The Louisville Cardinal

U of L Area Health Education Centers make big impact

By Luke Seiner

The Kentucky Area Health Education Centers program is a partnership between the University of Louisville Health Sciences Center and the University of Kentucky Medical Center. The program works to create and develop clinical education throughout Kentucky communities for students seeking health professions, as well as to continue providing education for medical personnel in medically underserved areas

A recent press release from U of L indicated that faculty and students from the U of L Health Sciences Center provided $6.8 million in medical services to the 56 counties that fall under the U of L Area Health Education Centers program, all within the academic year of 2009-2010

“I think it’s a wonderful thing that this program is able to help others and help underserved areas,” said Caysea Etherton, a junior psychology major. “That’s a lot of money and it’s amazing for them to provide such services.”

The program’s main goals are to improve the distribution, quality, utilization and efficiency of health care personnel. The U of L centers cover the four western regions – Jackson Purchase, Western, South Central and Northwest – while the UK centers cover the four eastern regions – North Central, Southern, Northeast and Southeast.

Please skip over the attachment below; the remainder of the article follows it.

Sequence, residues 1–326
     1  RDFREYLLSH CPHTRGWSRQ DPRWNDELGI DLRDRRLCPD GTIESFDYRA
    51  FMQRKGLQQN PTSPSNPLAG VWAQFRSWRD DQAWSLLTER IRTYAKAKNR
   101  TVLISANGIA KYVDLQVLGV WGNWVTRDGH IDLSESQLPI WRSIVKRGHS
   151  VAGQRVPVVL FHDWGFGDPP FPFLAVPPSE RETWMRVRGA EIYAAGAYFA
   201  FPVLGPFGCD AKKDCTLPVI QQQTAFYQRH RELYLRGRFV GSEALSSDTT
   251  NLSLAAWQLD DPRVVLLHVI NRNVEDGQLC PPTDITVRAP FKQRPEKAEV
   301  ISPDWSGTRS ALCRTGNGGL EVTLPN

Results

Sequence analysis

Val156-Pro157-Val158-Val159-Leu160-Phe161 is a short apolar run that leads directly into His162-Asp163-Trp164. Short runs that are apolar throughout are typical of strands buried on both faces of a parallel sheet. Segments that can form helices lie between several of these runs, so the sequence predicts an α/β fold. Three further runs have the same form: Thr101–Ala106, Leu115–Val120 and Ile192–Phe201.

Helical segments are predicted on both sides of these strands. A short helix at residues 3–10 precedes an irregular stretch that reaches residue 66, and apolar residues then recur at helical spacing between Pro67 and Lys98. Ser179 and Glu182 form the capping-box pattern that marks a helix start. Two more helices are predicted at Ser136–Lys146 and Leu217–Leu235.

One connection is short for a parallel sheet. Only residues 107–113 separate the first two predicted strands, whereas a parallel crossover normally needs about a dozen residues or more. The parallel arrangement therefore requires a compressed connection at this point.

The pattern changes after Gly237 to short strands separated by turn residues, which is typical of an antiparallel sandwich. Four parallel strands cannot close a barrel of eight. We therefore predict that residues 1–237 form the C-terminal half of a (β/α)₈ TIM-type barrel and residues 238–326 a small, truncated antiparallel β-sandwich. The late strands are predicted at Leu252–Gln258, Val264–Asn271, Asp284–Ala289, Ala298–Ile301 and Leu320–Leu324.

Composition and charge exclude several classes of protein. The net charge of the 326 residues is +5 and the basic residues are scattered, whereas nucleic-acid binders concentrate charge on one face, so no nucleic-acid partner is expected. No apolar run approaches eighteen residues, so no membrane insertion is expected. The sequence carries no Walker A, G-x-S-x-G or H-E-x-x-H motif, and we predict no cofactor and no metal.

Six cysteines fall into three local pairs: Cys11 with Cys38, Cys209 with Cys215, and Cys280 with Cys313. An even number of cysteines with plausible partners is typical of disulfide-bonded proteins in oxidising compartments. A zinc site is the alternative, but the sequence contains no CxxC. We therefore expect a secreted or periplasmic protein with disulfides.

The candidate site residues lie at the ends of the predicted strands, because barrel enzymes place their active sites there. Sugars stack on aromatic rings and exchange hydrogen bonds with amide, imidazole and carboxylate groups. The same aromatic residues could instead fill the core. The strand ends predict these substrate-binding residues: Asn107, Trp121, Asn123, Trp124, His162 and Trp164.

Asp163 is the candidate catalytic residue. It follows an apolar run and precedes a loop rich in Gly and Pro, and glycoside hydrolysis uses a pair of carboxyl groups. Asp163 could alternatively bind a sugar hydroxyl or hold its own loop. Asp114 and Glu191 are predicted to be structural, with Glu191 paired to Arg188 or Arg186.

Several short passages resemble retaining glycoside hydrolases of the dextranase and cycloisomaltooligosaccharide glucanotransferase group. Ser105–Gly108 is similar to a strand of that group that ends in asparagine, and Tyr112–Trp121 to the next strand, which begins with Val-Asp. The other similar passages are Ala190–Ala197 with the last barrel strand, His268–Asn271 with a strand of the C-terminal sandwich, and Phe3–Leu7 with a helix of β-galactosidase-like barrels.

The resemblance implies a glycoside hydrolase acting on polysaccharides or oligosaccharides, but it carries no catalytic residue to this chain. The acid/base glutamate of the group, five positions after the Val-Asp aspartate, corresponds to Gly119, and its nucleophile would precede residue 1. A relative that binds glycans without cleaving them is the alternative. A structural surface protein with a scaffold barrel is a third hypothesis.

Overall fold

“The primary benefit of the program is found in the services and activities [Area Health Education Centers] provides,” said Dr. V. Faye Jones, the program director and the associate dean of academic affairs for the U of L School of Medicine. “The corresponding dollar value of these services gives us another way to measure the full scope of the good work [Area Health Education Centers] is doing for the people of Kentucky.”

U of L participants work in rotation, which sends them throughout the four regions to provide health care to underserved areas and to provide medical education to community-based organizations.

At the same time, workers further their own education. Students studying in 11 different disciplines in the medical, dental, allied health, public health, pharmacy and social work fields are invited to participate. Their experiences revolve around obtaining useful hands-on training in private and community medical centers, while simultaneously giving back to the community. An estimated 4,470 students obtain clinical learning experience each year in the Area Health Education Centers program.

“U of L is working with local communities to improve the lives of people within the commonwealth,” said James Ramsey, U of L president. “We are partnering with local organizations to provide the people necessary to meet today’s health care needs of underserved areas, while training future health care providers so they remain in these areas.”

The program has benefits for the entire state. It supplies health care where it is needed most, provides medical education to Kentucky communities, gives medical students valuable hands-on training, and grants U of L medical staff the opportunity to move around and share their experience and knowledge.

It is these efforts, completed on behalf of the U of L Health Sciences faculty and students, which facilitated the donation of medical services valued at $6.8 million to the western half of Kentucky over the course of one year.